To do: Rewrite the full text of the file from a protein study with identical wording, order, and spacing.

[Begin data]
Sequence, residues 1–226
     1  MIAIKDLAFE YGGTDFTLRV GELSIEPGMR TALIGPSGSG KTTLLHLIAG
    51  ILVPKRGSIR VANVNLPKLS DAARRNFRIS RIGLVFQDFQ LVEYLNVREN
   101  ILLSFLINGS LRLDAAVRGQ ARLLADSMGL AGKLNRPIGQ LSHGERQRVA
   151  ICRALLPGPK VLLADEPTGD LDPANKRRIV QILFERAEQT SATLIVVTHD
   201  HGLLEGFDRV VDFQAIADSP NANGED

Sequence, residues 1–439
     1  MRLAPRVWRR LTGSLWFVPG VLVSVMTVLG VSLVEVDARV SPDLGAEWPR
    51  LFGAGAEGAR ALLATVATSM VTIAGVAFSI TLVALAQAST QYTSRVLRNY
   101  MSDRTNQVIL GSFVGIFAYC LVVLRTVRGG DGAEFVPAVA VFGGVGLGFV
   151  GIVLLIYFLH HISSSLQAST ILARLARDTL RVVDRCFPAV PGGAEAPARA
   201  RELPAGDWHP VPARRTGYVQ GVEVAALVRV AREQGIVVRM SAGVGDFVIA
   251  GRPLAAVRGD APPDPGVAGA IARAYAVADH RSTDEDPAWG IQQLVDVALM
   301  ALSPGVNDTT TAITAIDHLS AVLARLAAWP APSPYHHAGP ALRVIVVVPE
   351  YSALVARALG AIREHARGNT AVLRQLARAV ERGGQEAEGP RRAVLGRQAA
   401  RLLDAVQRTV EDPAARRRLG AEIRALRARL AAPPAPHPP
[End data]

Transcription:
Sequence, residues 1–226
     1  MIAIKDLAFE YGGTDFTLRV GELSIEPGMR TALIGPSGSG KTTLLHLIAG
    51  ILVPKRGSIR VANVNLPKLS DAARRNFRIS RIGLVFQDFQ LVEYLNVREN
   101  ILLSFLINGS LRLDAAVRGQ ARLLADSMGL AGKLNRPIGQ LSHGERQRVA
   151  ICRALLPGPK VLLADEPTGD LDPANKRRIV QILFERAEQT SATLIVVTHD
   201  HGLLEGFDRV VDFQAIADSP NANGED

Sequence, residues 1–439
     1  MRLAPRVWRR LTGSLWFVPG VLVSVMTVLG VSLVEVDARV SPDLGAEWPR
    51  LFGAGAEGAR ALLATVATSM VTIAGVAFSI TLVALAQAST QYTSRVLRNY
   101  MSDRTNQVIL GSFVGIFAYC LVVLRTVRGG DGAEFVPAVA VFGGVGLGFV
   151  GIVLLIYFLH HISSSLQAST ILARLARDTL RVVDRCFPAV PGGAEAPARA
   201  RELPAGDWHP VPARRTGYVQ GVEVAALVRV AREQGIVVRM SAGVGDFVIA
   251  GRPLAAVRGD APPDPGVAGA IARAYAVADH RSTDEDPAWG IQQLVDVALM
   301  ALSPGVNDTT TAITAIDHLS AVLARLAAWP APSPYHHAGP ALRVIVVVPE
   351  YSALVARALG AIREHARGNT AVLRQLARAV ERGGQEAEGP RRAVLGRQAA
   401  RLLDAVQRTV EDPAARRRLG AEIRALRARL AAPPAPHPP